- Angry/Defiant Child Ego State – The Angry/Defiant Child is the network that developed somewhere in the modeling period between 9 and 13 years old…usually closer to 12 or 13. It’s the part of us that learns to resist and endure abusive, hurtful behavior from others. If we grew up in a family where expressions of anger or defiance were strictly prohibited, it was important to repress our Angry/Defiant Child ego state. Another term for this psychological defense mechanism of disowning a part of yourself. Repressing our Angry Child frequently results in the polarizing effect of strengthening our Vulnerable Child — another reaction formation. With a Pronounced Vulnerable Child and a Repressed Angry/Defiant Child, it becomes difficult, if not almost impossible, to set healthy boundaries and protect ourselves — our anger helps us set our boundaries so we can maintain our separateness or autonomy.
- Vulnerable Child Ego State – The Vulnerable Child is the network that developed during the imprint period — 1 to 7 years old…usually between 3 and 6 years old. If we grew up in a family where tears, crying, and other expressions of vulnerability were prohibited then we had to learn to repress or disown, our Vulnerable Child ego state. Repressing our Vulnerable Child frequently results in the polarizing effect of strengthening our Angry/Defiant Child — again, a reaction formation. With a Pronounced Angry/Defiant Child and a Repressed Vulnerable Child, it becomes difficult to feel compassion and empathy for others — Our ability to be vulnerable allows us to let the walls down so we can connect emotionally to others in a healthy way.
Little Professor Ego State – The “Adult-in-the-Child”, aka the Little Professor, is that smart, intuitive, creative and manipulative part of us that helps the Adapted Child learn how to get what it needs. When we grow up in a less-than-nurturing family the Little Professor is the neural network that works behind the scenes to gather and store data about what works and what doesn’t work.
If you’ve ever seen Candid Camera or any other show where they interview little kids about life…then you have seen the Little Professor in action. The kids can be hilarious because there is usually quite a bit of accuracy to their intuitive but far out answers. The Little Professor is the network that later branches out and expands into the Adult… They are both “computers”, but the Adult has data in the form of experience and wisdom on the hard-drive — All the Little Professor has to go on is instinct and intuition.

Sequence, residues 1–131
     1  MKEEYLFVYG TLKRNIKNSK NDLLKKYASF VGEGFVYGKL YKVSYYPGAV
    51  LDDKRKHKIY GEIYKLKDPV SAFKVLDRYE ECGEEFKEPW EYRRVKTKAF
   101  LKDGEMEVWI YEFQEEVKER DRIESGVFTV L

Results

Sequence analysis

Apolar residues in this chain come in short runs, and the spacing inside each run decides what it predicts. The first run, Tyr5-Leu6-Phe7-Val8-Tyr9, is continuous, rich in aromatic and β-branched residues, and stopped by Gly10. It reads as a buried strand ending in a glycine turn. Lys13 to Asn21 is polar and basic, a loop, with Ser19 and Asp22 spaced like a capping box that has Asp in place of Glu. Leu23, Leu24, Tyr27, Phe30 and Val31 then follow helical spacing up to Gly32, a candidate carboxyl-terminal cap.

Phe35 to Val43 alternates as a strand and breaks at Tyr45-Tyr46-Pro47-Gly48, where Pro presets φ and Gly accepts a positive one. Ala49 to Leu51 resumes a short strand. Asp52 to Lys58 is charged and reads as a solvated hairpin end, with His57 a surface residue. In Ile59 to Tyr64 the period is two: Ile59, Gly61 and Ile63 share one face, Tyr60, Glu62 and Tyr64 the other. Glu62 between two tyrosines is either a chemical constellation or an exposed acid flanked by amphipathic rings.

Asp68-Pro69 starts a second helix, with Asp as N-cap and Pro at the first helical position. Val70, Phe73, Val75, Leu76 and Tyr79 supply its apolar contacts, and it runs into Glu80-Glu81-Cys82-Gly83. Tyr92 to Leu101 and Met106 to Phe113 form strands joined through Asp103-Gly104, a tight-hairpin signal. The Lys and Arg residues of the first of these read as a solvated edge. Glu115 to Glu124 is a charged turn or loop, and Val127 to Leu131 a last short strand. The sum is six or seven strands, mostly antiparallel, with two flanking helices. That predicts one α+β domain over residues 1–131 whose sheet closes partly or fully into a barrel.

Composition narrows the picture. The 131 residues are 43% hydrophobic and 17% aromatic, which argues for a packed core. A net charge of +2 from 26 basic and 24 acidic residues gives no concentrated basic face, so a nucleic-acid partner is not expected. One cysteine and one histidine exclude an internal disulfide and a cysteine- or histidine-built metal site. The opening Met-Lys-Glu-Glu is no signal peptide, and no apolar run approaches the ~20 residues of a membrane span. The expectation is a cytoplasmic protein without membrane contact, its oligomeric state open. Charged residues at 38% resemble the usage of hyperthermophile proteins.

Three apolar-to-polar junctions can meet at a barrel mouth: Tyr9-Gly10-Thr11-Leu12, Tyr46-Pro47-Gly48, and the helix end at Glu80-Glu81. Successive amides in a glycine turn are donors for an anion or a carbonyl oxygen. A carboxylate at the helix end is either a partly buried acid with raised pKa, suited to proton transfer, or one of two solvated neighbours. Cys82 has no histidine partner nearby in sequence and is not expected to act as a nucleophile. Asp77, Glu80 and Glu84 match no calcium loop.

The Adult and Little Professor make a good team when creativity is needed – such as designing a new amusement park or roller coaster ride. It’s the Little Professor, with feedback from the environment, that configures the above childhood ego states…survival is its prime directive so whatever it takes to survive will become habits that follow us into adulthood.
When a trigger comes along, the appropriate ego state is activated. The program for that situation runs automatically and right on cue…with all the feelings, beliefs, attitudes, defenses and experiences of that part of self.
Psychological Defense Mechanisms – A Scenario
Okay…Now that we’ve laid a foundation we can play around with how these defense mechanisms work in regards to Ego-States — let’s say a little boy or girl was not allowed by his/her parents to express anger in any way without serious risk of abuse…
Intra-personally – S/he would have to repress those emotions which would eventually lead to a wholesale disowning of his or her Angry/Defiant Child Ego State. The lack of connection with his or her Angry/Defiant Child is likely to result in an inability to be assertive or speak-up for him/her self — it’s our anger that gives us the power to do that.
It’s likely to result in this person frequently regressing into their Vulnerable Child who is scared, timid, and unable to set boundaries. S/he may even compound his/her sense of powerlessness with moderate-to-severe introjected Critical Parent messages by way of self-talk.
Inter-personally – S/he is prone to finding a mate who is “stuck” in his or her Angry/Child Ego State so s/he can consciously experience his/her subconscious anger through projection …this may be the only way someone stuck in Second Position can experience certain parts of themselves. Their angry/critical mate knows how to “dance the dance” of the Drama Triangle taught to them by their angry/critical parents.
Go to Marriage Help to learn how to overcome these dynamics in your relationship.